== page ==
6. Then there is the storyline where A.J.'s girlfriend (Blanca) breaks up with him and this begins a downward spiral where he goes from a useless, annoying character in the background to a useless, annoying character in the forefront. The show always played the "surrogate son" role better with Christopher than it played Tony's relationship with his own son. A.J. went from an example of Tony Soprano having to deal with personal bullshit caused by his family to a character the writers often had no clue what to do with. The same thing went for Meadow's character. She would show up randomly and go to the pool or warn Tony and Carmela that A.J. was depressed and then exit stage-left for the rest of the episode. A.J. eventually tried to kill himself after Blanca breaks up with him, but this storyline is a great example of the show not knowing when to get rid of characters who had outlived their usefulness for plotting purposes (Dr. Melfi is another great example).
I read the AV Club for most reviews of television shows and here is a review of this episode that semi-defends it's presence in the television universe. I can't defend this episode's presence since the main premise, Tony's gambling, runs counter (in my mind) to everything we have learned about him. Here's what a generous "B+" review of the show says about "Chasing It." And yes, I am sort of reviewing a review of a television show. And another yes, I usually really like how Todd VanDerWerff reviews television shows. I just think he graded this one incorrectly.
Of the nine episodes that make up the final batch of The Sopranos, “Chasing It” is the only one that I’ve heard even mild criticism for from the show’s fan base.
These complaints are based on the fact this episode portrays Tony Soprano in a way the series never had portrayed him until point. I'm not even including the whole "waste of our time" component where the show is six episodes from ending and we get an episode that barely moves the main plot ahead.
Indeed, it’s quite a good episode of The Sopranos.
If "good" is defined as "shoddily researched," "poorly plotted," and "takes the main character and changes his personality for one episode-only" then this is definitely a good episode.
The chief criticism of the episode is that Tony would never have gotten
involved this deeply in gambling. (Indeed, at one point earlier in the
show’s run, he cautions against how gambling can take over your life and
make you do stupid things.)
Tony several times cautions against how gambling can take over a person's life. He was prone to hypocrisy, but he was always the loan shark not the other guy taking the loan. That was the entire character of Tony Soprano. He was a shark who ruined people's lives around him and rarely ruined his own life. He would not have gotten this deep into gambling because it goes against his character. In the words of Jason Segel, that's the only argument I need. Tony isn't a degenerate gambler. He makes his money off other degenerate gamblers.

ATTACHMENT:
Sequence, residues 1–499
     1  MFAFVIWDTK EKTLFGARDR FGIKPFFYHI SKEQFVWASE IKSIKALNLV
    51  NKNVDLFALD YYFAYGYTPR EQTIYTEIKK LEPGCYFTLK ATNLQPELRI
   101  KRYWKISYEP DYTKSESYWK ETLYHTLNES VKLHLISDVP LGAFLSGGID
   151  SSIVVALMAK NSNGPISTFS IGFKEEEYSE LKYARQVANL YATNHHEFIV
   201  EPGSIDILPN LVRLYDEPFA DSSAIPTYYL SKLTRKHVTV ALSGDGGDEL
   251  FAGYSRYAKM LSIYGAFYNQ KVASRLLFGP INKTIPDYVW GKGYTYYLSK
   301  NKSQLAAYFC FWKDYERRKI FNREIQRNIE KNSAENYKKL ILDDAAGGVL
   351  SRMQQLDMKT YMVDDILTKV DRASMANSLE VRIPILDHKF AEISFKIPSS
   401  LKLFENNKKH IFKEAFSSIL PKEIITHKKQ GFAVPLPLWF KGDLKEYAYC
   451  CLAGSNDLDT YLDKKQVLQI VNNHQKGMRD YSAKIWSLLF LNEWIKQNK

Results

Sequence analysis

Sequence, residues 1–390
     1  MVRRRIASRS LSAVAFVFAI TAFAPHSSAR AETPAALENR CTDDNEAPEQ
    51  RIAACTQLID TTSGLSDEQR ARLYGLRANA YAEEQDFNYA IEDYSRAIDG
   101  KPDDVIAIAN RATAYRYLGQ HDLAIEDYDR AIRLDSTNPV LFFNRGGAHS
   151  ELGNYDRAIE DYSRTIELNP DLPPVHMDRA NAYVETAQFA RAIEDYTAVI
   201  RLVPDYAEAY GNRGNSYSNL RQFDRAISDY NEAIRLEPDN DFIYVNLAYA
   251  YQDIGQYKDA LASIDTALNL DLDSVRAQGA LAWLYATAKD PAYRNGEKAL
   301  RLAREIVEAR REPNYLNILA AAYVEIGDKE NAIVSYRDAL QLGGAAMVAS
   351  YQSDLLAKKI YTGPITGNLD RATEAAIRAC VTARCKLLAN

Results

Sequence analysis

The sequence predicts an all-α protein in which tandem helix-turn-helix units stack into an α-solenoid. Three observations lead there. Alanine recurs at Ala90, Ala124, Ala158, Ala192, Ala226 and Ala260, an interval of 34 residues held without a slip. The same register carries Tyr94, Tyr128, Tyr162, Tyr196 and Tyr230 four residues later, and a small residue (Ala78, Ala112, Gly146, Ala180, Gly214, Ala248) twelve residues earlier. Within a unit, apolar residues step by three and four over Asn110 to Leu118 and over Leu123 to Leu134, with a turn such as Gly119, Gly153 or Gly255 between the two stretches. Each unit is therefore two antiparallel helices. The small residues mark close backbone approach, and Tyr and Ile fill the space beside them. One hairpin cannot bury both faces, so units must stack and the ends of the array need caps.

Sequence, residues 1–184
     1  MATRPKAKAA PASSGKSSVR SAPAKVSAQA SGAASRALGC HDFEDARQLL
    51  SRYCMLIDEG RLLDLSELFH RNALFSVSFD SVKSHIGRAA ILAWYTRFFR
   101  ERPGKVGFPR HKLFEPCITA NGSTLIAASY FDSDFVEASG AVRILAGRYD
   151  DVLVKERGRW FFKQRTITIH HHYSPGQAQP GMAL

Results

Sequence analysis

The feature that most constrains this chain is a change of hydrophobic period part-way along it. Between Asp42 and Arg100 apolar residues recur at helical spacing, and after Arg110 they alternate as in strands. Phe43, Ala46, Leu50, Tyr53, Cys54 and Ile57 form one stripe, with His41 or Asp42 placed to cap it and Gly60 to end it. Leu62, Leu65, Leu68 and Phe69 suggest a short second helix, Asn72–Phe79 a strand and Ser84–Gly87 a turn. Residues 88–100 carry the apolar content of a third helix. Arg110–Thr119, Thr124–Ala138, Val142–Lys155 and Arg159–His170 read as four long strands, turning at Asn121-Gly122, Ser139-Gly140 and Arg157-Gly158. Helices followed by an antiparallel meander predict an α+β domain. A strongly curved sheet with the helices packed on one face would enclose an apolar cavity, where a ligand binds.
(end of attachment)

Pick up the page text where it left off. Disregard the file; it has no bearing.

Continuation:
This is a criticism I’ve never bought.
Well, pony up some cash because you gotta buy it. Tony is the one who makes money off gamblers, not the one who gets deep into gambling debt.
The show has so successfully established that at this point, the Tony
who survived being shot by Uncle Junior is a rasher, more impulsive Tony
that I largely buy his giving in to this particular vice.
True, except for the fact his impulse in the previous episode was to kill Paulie and he didn't act on his impulses. In the very next episode Christopher rails on his own father, Dickie, for being a drunk and drug addict and Tony just lets Christopher criticize his dead father even though Dickie was Tony's hero. Tony loved Dickie Moltisanti and he allows Christopher to call him a druggie and drunk. If Tony were impulsive he wouldn't have let these words stand. In addition, in the same episode Tony sits Christopher down and talks to him about how he needs to stay on top of his crew and stop being frequently absent because people are noticing. There were beefs erupting because Christopher wasn't around enough. Rather than knocking the shit out of Christopher, Tony sits down and talks to him. Tony also doesn't beat the shit out of his son and gives him time to bust out of the funk he is in after Blanca broke up with him. Tony even allows Carmela to convince him that therapy is a good idea for A.J. despite the fact Tony doesn't think much of his own therapy sessions with Dr. Melfi and had a bad experience when Meadow (their daughter) went to therapy during an episode. Meadow's therapist tried to convince her to drop out of college and this pissed Tony off.